Crunch time for Nonis

BARRY MACDONALD -- 24 Hours Vancouver

, Last Updated: 7:58 AM ET

Momma, don't let your babies grow up to be general managers.

There are certainly easier ways to make a living, and this morning it is fair to assume that Dave Nonis is very aware of that.

That said, these are the days that can come to define the legacy of a man like Nonis ... days that certainly make or break his reputation and the fortunes of his hockey club.

Dave Nonis isn't exactly new to this stuff, even if he is a rookie general manager. He was Brian Burke's right-hand man so he wasn't on the outside looking in when it came to previous wheeling and dealing.

But when you are the man actually pulling the trigger on a trade, when you are the man who can immediately change the landscape of your organization with one phone call, you certainly feel the heat a little more directly.

Think about all the significant deals in the history of the Canucks. Devoted fans of the organization know who was involved, and of course, who made it happen. The "Bure deal" involved Brian Burke. Pat Quinn was the general manager who fleeced the Penguins by acquiring Markus Naslund for Alek Stojanov. Poor Jack Gordon will forever be remembered as the man who sent Cam Neely to Boston for Barry Pederson. It goes with the territory. One phone call and you can be either brilliant or a buffoon.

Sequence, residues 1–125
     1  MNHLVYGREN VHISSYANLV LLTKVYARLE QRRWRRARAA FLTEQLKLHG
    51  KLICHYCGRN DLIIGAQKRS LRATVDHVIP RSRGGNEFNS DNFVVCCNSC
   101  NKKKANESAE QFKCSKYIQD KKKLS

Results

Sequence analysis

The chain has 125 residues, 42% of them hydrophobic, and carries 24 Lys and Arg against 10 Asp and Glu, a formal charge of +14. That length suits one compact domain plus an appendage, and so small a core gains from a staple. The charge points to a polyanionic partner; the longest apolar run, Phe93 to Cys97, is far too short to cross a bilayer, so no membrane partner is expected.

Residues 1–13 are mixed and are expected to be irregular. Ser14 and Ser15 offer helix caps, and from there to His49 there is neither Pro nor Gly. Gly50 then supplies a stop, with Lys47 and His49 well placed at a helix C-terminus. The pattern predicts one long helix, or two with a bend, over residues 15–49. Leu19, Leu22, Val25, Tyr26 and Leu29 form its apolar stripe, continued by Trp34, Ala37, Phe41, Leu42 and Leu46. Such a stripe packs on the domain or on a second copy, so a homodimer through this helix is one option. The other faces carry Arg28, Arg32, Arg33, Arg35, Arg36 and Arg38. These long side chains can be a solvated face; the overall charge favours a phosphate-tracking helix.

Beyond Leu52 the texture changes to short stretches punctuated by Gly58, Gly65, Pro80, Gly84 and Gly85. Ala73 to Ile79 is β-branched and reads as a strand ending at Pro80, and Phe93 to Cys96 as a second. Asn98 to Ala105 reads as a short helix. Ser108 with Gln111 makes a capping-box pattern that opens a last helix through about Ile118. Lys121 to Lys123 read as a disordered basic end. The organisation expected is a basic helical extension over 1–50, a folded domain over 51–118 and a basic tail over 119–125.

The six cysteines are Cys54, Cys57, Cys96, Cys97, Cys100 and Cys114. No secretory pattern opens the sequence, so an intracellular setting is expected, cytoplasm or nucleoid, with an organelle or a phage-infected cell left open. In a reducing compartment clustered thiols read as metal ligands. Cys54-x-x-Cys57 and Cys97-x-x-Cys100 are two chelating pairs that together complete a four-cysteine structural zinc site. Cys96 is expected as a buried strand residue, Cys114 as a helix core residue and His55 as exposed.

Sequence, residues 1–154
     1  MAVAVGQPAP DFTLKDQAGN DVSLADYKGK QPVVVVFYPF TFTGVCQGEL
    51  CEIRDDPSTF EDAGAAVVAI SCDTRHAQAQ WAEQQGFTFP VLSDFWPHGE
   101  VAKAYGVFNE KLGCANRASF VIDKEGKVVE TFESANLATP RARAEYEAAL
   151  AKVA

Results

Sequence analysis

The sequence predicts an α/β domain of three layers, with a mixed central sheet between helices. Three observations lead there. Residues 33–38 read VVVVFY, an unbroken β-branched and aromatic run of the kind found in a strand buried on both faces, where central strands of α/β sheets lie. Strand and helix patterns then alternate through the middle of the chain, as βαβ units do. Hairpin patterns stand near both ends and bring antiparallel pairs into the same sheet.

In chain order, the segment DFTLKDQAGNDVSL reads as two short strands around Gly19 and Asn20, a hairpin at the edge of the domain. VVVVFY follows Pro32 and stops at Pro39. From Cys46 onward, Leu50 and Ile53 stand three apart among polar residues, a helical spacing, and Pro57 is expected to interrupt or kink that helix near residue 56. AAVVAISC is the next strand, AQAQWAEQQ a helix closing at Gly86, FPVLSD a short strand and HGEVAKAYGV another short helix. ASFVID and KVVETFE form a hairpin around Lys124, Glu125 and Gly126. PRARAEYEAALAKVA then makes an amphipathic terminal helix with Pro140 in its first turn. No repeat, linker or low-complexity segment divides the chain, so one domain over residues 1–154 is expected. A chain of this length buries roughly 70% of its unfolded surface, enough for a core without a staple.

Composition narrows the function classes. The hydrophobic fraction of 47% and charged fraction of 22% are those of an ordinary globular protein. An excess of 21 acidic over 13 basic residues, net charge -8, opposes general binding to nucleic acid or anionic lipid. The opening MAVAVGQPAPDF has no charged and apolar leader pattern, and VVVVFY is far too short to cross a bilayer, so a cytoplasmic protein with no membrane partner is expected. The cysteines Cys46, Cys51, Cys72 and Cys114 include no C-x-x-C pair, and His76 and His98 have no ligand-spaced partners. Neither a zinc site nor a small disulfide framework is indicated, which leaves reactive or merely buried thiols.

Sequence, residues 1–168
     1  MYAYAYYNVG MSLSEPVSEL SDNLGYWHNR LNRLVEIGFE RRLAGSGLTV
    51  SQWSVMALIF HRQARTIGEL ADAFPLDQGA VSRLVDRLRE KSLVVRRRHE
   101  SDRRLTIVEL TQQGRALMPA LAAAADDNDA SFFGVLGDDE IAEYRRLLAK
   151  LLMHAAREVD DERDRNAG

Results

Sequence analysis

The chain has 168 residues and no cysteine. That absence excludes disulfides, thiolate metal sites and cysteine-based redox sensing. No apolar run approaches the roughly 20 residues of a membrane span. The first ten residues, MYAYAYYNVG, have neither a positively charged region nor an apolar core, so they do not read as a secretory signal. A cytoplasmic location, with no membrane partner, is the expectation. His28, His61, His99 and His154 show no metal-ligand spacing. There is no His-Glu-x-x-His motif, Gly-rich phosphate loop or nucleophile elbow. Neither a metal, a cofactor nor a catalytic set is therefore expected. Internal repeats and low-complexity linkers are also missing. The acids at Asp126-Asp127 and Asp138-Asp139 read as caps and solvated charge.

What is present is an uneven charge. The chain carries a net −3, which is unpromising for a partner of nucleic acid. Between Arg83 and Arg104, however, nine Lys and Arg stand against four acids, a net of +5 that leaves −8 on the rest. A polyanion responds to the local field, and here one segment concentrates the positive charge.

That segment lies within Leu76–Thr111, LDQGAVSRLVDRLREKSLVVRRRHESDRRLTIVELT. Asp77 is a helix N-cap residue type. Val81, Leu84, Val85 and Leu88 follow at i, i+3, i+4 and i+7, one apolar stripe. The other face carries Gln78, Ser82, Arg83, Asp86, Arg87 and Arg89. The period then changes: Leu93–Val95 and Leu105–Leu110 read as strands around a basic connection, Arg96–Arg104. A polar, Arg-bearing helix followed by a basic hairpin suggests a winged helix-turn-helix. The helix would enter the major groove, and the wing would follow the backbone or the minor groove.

Which can make for some sleepless nights. But as Dave Nonis went to work this morning, the panic button wasn't an option. It can't be. Any possible deal must be made for the right reasons, and not for the sake of making it.

When considering a deal, Nonis has to be asking himself one question. Does this improve our hockey club? It really is that simple, on the surface. But more often than not, what you get isn't always what you bargained for. The new acquisition is nursing an injury of some degree, his family is upset by having to move, and his agent wants a contract extension. You have to be careful what you wish for.

Bottom line, Nonis has more to attend to than you might think. He has to look beyond the obvious when it comes to possible deals. The goals and assists are the easy part. But what baggage is there? Other general managers aren't going to disclose the flip side of a player they are trying to move. And that is where the real challenge lies for Nonis, should he try and make a swap or two. He has to know the complete resume of a player he is interested in, not just his point total.

It is an inexact science, this trading stuff. It is why making a swap is easier said than done.

Dave Nonis can define his legacy between now and noon. One day, one deal.

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